I.J. Myung, V. Balasubramanian and M.A. Pitt. (2000).
Counting Probability Distributions: Differential Geometry and Model
Selection. *Proceedings of the National Academy
of Science* , Vol. 97, No. 21, pp. 11170-11175.

See also the home page of the author:
http://dept.physics.upenn.edu/~vbalasub
.

For problems of model selection in linear regression, we determine the exact minimax universal data compression strategy for the minimum description length (MDL) criterion. The analysis also gives the best invariant and indeed minimax procedure for predictive density estimation in location families, using Kullback-Leibler loss. The exact minimax rule is generalized Bayes using a uniform (Lebesgue measure) prior on the location parameter, which is made proper by conditioning on an initial set of observations.

**References:**

A. R. Barron, J Rissanen, and B. Yu (1998). The minimum
description length principle in coding and modeling. I*EEE Trans.
Inform. Theory*, 44: 2743-2760.

B. S. Clarke and A. R. Barron (1990). Information-theoretic
asymptotics of Bayes methods. *IEEE Trans. Inform. Theory*
, 36: 453-471.

This talk considers the hypothesis that the perceptual system seeks the simplest (shortest) description of perceptual data. This idea can be traced back to Mach and is consistent with recent work in Kolmogorov complexity and minimum description length statistics. At face value, however, there are clear empirical counterexamples to the viewpoint. I consider the extent to which these counterexamples can be dealt with by formulating a version of the simplicity principle for perception that reflects relevant constraints of the perceptual system.

**Reference:**

N Chater (1996). Reconciling simplicity and likelihood
principles in perceptual organization. *Psychological Review*
, 103, 566-581.

The perceptual counterpart of the mathematical MDL principle, i.e. the simplicity principle, states that the human visual system selects the simplest interpretation of a given visual stimulus. This perceptual principle has a longer research history than its mathematical counterpart but, due to its informal formulation, had to rely mainly on empirical evidence. Such evidence is necessary but not sufficient and has to be complemented with formal theoretical evidence. Perception research already attacked successfully the problems of defining regularity (rather than of defining randomness, as in mathematics), of complexity measurement, and of computability. Yet, theoretically, the veridicality (or predictive power) of the perceptual simplicity principle remained unclear. In this context, mathematical research on the MDL principleh as been extremely helpful, by providing the perceptual simplicity principle with a firm formal foundation. Furthermore, it provides a better conceptual framework for theoretical and empirical research into, for instance, the status of perceptual categories, and the relation between viewpoint dependencies and viewpoint independencies in object perception.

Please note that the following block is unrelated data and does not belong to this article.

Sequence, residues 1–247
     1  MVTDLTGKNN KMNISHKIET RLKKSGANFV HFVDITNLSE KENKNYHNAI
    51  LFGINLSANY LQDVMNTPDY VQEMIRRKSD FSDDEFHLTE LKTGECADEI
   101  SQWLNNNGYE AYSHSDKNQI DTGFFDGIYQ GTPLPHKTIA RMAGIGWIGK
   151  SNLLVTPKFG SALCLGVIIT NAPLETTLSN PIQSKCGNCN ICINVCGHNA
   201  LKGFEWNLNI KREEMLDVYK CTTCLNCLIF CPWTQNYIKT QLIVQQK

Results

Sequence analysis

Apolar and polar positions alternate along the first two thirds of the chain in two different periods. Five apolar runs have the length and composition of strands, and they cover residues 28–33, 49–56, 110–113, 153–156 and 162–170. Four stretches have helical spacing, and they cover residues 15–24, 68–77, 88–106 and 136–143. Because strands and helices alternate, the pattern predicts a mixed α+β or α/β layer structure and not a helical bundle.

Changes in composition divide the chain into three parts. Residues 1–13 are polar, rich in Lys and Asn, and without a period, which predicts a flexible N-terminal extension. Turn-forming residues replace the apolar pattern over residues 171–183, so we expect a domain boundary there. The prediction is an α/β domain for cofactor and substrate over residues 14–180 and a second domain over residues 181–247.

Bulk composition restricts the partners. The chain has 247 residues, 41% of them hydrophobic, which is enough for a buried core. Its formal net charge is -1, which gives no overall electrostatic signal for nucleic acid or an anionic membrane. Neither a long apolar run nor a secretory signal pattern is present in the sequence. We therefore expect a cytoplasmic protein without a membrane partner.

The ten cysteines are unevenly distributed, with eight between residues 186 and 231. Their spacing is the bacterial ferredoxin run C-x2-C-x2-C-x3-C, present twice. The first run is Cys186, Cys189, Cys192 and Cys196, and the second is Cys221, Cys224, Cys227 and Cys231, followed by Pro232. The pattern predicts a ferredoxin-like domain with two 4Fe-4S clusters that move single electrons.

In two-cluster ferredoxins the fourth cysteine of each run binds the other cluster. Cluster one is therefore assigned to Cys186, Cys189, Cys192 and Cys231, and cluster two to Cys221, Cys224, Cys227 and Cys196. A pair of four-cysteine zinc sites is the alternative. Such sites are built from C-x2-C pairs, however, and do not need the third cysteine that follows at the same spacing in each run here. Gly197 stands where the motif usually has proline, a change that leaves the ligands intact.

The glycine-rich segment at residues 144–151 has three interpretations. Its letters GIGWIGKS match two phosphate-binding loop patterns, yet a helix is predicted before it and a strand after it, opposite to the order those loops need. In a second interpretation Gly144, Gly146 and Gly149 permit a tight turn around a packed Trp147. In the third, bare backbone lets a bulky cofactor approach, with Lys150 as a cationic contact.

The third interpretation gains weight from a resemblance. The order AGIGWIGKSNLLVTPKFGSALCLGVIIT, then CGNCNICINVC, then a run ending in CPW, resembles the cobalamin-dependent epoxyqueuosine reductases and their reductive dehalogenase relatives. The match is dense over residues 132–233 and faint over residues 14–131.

**References:**

Hochberg, J. E., & McAlister, E. (1953). A quantitative
approach to figural "goodness". *Journal of Experimental Psychology*
, 46, 361--364. (Proposal of the simplicity principle
in visual perception)

Garner, W. R. (1962). *Uncertainty and structure
as psychological concepts* . New York: Wiley. (Conceptual transition
from classical to structural information theory)

Simon, H. A. (1972). Complexity and the representation
of patterned sequences of symbols. *Psychological Review*,
79, 369--382. (Perceptual coding languages; empirical confirmation
of the Invariance Theorem)

Leeuwenberg, E. L. J., & Boselie, F. (1988). Against
the likelihood principle in visual form perception. *Psychological
Review* , 95, 485--491. (Perceptual categories and structural
probabilities)

van der Helm, P. A. (2000). Simplicity versus likelihood
in visual perception: From surprisals to precisals. *Psychological
Bulletin* , 126, 770--800. (Combining classical, structural,
and algorithmic information theory).

The general MDL Principle has
deep fundamental implications to modeling practices in various fields